The Erosion of Attention and the Coming Dark Age
Publication Date: September 2009
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Do you text during family dinners or read e-mails during meetings? Does your spouse learn about your day from Facebook? Do you get news about the world by scanning online headlines while also doing something else? Welcome to the land of distraction. Despite our wondrous technologies and scientific advances, we are nurturing a culture of diffusion, fragmentation, and detachment. Our attention is scattered among the beeps and pings of a push-button world. We are less and less able to pause, reflect, and deeply connect.
In Distracted, journalist Maggie Jackson ponders our increasingly cyber-centric world and fears we’re entering a dark age of interruption that will render us unable to think critically, work creatively or cultivate meaningful relationships. Jackson warns of what can happen when we lose our ability to sustain focus and erode our capacity for deep attention—the building block of intimacy, wisdom, and cultural progress. The implications for a healthy society are stark. Societal ADD will adversely affect parenting, marriages, personal safety, education and even democracy. And yet we can recover our powers of focus through a renaissance of attention. Neuroscience is just now decoding the workings of attention, with its three pillars of focus, awareness, and judgment, and revealing how these skills can be shaped and taught. In her sweeping quest to unravel the nature of attention and detail its losses, Jackson offers us a compelling wake-up call, an adventure story, and reasons for hope. Put down your smart phone and prepare for an eye-opening journey. We can—and must—learn to focus attention in this Twitter culture.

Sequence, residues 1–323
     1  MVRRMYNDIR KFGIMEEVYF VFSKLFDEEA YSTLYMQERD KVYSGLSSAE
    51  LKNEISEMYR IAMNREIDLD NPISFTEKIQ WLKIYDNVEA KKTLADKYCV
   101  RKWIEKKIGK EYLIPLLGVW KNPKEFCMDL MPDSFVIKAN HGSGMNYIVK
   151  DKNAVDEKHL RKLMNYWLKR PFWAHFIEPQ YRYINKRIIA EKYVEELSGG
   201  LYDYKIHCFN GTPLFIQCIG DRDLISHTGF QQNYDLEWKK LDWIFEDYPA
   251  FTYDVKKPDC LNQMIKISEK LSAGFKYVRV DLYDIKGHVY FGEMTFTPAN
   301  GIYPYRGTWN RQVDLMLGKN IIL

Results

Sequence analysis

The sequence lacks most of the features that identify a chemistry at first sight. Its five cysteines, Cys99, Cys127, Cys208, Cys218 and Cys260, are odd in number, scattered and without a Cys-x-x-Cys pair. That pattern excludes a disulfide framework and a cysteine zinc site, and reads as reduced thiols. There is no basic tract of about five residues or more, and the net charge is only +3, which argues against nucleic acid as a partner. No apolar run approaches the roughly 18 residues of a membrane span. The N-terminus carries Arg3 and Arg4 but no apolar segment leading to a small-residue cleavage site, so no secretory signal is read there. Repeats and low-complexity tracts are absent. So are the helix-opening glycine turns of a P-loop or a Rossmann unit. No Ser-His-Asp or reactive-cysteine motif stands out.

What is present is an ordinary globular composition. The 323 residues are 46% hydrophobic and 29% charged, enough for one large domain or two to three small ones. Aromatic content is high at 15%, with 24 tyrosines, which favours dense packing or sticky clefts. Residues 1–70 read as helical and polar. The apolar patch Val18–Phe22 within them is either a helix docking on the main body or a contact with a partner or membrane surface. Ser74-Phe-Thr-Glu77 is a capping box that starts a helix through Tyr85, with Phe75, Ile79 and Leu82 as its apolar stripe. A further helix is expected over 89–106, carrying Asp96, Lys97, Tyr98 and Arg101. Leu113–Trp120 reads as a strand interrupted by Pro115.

Bill McKibben is American author of a dozen books about the environment, beginning with The End of Nature in 1989, which is regarded as the first book for a general audience on climate change. He is a founder of the grassroots climate campaign 350.org, which has coordinated 15,000 rallies in 189 countries since 2009. Time Magazine called him "the planet's best green journalist," and the Boston Globe said in 2010 that he was "probably the country's most important environmentalist." McKibben is a frequent contributor to various magazines including The New York Times, The Atlantic Monthly, Harper's, Orion Magazine, Mother Jones, The New York Review of Books, Granta, Rolling Stone, and Outside. He is also a board member and contributor to Grist Magazine. McKibben has been awarded Guggenheim and Lyndhurst Fellowships, and won the Lannan Prize for nonfiction writing in 2000. He is a scholar in residence at Middlebury College.